Florence Kelley (1859-1932), a major force in American social reform, spent her adult life crusading for protective labor legislation for America's women and children, fighting for maternal and child health services, and implementing industrial reform through consumer activism.
Born in Philadelphia to a long line of progressives, Florence Molthrop Kelley was the third of eight children and the daughter of United States congressman William D. Kelley. She was educated at Quaker schools in Philadelphia and at Cornell University, which began admitting women in 1874, and from which she graduated in 1882. In 1883, Kelley began graduate studies at the University of Zurich in Switzerland, at which time she became a follower of Karl Marx and Friedrich Engels and joined the Socialist Party of Zurich. In 1884, Kelley married a fellow student, the Russian socialist Lazare Wischnewetzky. Their first child, Nicholas, was born in 1885, followed by a daughter, Margaret, in 1886, and a son, John, in 1888. Kelley divorced her husband in 1891.
When Kelley and her family returned to the United States in 1886, they settled in New York City, a city in the throes of economic conflict and political upheaval. Kelley was poised to play a significant role in the radical circles of the city. Her first step was translating Engels's The Conditions of the Working Class in England, which was published in the United States in 1887. After 5 years in New York, throughout which Kelley continued to translate and publish socialist pamphlets and prefaces, she left her husband and moved with her children to Chicago.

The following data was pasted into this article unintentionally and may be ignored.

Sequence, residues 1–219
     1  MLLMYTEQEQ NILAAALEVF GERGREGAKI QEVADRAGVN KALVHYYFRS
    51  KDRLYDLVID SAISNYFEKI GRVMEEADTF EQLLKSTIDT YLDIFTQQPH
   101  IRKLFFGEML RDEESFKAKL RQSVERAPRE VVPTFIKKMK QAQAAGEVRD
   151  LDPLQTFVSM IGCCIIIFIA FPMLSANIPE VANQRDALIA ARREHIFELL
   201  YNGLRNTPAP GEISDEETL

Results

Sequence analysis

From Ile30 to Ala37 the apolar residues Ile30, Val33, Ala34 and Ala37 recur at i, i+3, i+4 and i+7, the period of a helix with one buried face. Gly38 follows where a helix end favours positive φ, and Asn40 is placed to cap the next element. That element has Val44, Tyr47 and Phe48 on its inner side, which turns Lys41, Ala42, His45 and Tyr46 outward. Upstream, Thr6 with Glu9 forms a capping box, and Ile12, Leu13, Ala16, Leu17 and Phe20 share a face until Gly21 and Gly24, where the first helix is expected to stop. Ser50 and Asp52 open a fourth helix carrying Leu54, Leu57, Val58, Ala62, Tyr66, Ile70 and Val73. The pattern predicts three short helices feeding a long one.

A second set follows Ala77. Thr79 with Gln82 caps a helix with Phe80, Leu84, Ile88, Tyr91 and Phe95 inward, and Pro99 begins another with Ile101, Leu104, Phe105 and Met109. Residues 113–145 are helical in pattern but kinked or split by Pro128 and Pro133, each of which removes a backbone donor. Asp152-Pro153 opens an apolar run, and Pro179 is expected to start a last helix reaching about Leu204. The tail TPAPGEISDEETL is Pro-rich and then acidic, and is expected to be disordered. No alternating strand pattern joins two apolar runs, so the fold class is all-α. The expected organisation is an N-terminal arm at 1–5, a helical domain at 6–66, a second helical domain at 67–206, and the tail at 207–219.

When she arrived in Chicago in 1891, Kelley joined fellow reformers at the Hull-House social settlement, and she lived there until 1899. In 1893, Kelley was recruited by the governor of Illinois to be the state's first chief factory inspector. The next year she achieved her first legislative success: a state law that limited the workday of women and children to a maximum of 8 hours. The law was repealed in 1895.
In 1899, Kelley moved to New York City where she became the first director of the newly formed National Consumers' League (NCL), a radical pressure group which fought for the manufacture of quality products in healthy working conditions and to be sold at fair prices. She implemented the NCL White Label for products which met the organization's fair labor practices.
Kelley also supported women's suffrage and African American civil rights, and she helped establish the National Association for the Advancement of Colored People (NAACP) in 1909. After the turn of the century, she became a regular speaker on college campuses and published books such as Modern Industry in Relation to the Family (1914) and The Supreme Court and Minimum Wage Legislation (1925). She wrote her autobiography in 1927 and died in 1932.
Addams, Jane, Hull-House, National Association for the Advancement of Colored People
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